Victor Mitchell learned bridge as a teenager growing up in Brooklyn. By the age of 20, he was running a 24-hour-a-day money bridge club. In his prime, he was flamboyant and cocky when he needed to be — and he knew all the tricks of the trade.
When Mitchell died at the age of 71 in January of 1995, bridge lost one of its most colorful characters — a champion player, bridge philosopher, mentor to the stars.
“For more than 30 years,” said bridge star Ron Andersen in 1994, “Vic has been the expert’s mentor from coast to coast. His unknown contributions to the world of tournament bridge are far greater than those of better known people.”
Mitchell grew up in a rough and tumble neighborhood. His friendship with a policeman led him to discover bridge — the beginning of a love affair that lasted his whole life.
A Grand Life Master with more than 10,000 masterpoints, Mitchell won five North American championships and represented the United States in international competition several times. His major titles include the Spingold Knockout Teams (1956 and 1959), the Life Master Men’s Pairs (1962) and the Men’s Teams (1962 and 1963).
He finished second in the 1964 World team Olympiad and was runner-up in the World Mixed Teams, playing with his wife Jacqui, Sam and Tubby Stayman and Jimmy Cayne.
Mitchell’s expertise at the table was sometimes overshadowed by the stories told by him and about him. Jacqui, Victor’s wife of 35 years, figures that if she had written down the various tales, “I could easily fill a book.”
Mitchell’s second win in the Spingold Knockout Teams (1959) was especially significant because the win guaranteed his team an appearance in the World Bridge Olympiad the following year.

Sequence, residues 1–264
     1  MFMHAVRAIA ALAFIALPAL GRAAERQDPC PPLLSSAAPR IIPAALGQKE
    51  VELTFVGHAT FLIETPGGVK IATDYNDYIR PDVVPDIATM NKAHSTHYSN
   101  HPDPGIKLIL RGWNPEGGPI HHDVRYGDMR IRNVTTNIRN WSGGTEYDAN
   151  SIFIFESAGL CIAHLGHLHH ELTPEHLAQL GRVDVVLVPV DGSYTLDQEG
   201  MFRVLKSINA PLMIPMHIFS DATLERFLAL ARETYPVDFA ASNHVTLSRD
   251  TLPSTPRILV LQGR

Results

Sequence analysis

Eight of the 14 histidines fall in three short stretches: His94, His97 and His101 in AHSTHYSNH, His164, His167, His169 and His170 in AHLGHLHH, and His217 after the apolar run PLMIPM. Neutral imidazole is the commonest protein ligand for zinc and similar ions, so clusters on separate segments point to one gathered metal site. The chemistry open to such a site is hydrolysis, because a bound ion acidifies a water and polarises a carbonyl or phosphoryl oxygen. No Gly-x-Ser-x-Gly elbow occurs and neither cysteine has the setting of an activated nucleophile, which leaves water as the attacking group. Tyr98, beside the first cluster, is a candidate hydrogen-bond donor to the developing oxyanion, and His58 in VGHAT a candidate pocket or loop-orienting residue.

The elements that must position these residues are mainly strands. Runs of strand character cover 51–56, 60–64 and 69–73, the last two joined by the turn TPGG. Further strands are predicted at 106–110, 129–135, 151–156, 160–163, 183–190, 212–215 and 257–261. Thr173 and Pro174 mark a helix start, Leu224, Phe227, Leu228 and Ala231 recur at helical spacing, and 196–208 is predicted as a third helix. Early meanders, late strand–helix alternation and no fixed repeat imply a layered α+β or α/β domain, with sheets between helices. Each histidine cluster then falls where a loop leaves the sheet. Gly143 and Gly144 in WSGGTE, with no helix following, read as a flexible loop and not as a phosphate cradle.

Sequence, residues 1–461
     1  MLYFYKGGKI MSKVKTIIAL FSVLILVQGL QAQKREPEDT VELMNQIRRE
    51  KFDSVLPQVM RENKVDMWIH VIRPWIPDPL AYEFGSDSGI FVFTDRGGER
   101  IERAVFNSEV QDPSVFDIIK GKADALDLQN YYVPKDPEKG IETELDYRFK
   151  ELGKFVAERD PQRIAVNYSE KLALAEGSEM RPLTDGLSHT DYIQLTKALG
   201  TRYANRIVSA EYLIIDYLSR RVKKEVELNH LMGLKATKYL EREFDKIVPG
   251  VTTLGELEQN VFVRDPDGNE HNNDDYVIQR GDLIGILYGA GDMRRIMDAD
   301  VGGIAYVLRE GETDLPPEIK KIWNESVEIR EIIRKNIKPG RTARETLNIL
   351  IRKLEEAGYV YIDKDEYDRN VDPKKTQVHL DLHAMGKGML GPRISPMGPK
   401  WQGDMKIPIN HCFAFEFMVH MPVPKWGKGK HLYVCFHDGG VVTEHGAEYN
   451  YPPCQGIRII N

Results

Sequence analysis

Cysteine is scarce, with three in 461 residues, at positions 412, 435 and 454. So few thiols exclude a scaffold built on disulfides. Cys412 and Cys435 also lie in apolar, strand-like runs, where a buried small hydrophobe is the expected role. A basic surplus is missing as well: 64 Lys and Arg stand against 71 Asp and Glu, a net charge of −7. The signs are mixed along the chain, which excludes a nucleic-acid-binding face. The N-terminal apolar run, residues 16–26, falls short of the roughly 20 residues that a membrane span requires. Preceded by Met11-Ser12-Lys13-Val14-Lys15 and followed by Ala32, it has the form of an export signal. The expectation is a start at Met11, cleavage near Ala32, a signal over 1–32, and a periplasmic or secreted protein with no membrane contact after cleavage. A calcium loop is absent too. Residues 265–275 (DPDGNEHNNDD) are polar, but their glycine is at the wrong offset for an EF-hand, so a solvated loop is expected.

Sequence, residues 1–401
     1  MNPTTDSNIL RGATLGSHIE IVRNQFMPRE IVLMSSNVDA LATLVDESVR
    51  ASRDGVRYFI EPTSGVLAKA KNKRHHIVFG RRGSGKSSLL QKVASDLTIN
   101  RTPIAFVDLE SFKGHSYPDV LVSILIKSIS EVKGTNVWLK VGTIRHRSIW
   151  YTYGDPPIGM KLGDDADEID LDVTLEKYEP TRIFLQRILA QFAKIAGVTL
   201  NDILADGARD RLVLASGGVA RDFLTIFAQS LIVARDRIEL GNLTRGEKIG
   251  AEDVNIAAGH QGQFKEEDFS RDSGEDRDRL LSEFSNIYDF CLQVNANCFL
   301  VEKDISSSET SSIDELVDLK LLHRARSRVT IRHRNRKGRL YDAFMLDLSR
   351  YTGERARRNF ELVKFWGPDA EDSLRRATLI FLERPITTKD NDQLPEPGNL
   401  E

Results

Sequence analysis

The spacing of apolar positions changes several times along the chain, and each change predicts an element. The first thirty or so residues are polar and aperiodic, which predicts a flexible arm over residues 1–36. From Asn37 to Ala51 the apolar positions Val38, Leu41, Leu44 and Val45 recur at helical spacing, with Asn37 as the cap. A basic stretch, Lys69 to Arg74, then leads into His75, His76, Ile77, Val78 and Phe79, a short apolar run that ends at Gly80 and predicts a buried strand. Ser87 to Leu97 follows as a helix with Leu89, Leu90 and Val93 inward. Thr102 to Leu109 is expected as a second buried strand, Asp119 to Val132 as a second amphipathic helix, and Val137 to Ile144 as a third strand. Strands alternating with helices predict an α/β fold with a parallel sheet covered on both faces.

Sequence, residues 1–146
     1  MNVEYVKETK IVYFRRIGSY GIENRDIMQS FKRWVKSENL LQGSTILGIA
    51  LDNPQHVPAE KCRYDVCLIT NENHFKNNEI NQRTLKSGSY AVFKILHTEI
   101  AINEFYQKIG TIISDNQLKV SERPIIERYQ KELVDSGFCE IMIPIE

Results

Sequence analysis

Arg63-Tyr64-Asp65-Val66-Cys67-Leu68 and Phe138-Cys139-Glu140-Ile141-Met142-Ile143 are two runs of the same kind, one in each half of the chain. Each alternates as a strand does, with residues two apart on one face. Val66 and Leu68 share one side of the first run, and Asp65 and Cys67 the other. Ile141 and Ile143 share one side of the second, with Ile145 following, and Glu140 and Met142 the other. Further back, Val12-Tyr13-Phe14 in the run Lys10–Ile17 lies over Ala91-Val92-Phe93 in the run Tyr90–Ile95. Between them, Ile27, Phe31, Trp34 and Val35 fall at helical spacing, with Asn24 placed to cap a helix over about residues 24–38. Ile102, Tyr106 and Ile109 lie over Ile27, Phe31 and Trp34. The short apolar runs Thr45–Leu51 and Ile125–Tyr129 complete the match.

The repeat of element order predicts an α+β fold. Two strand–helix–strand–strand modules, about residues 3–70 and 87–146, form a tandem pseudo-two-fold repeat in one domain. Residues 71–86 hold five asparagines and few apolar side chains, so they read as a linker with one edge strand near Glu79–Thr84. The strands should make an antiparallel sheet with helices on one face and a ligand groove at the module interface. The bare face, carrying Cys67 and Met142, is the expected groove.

On the last deal of the Spingold, Mitchell found himself in 3NT redoubled. The critical suit was clubs, and at one point Mitchell played the queen from dummy, covered by his right-hand opponent with the king.
Mitchell, who felt sure of the layout of the cards, followed low and said, as his LHO played the singleton ace, “My first Olympiad.” Mitchell’s team won by 1 IMP.
Another story involved the legendary Ira Rubin, sometimes referred to as “The Beast.” Mitchell and Rubin were opponents in a rubber-bridge game when Rubin blasted into 6NT, which Mitchell doubled.
“Redouble!” said Rubin with typical force.
“Ira,” said Mitchell, “you can’t do that.”
“I said, ’Redouble.’ ” was Rubin’s reply. “I have my bids.”
“Ira,” said Mitchell, who was on lead, “I’ve got three aces.”
Mitchell was included as a real character in three bridge mystery books written by Matthew Granovetter, one of Mitchell’s protégés and a lifelong admirer. “If I had to play for my life,” Granovetter said, “I would choose Vic as my partner. It’s not even close.”
Mitchell didn’t play much in his later years, but he was usually on hand at NABCs to see his friends and give advice.
Mitchell claimed that he never played bridge for glory or prestige. “The people,” he said, “are more important than the bridge. I’ve met some of the most fantastic people playing bridge. I’ve had a ball.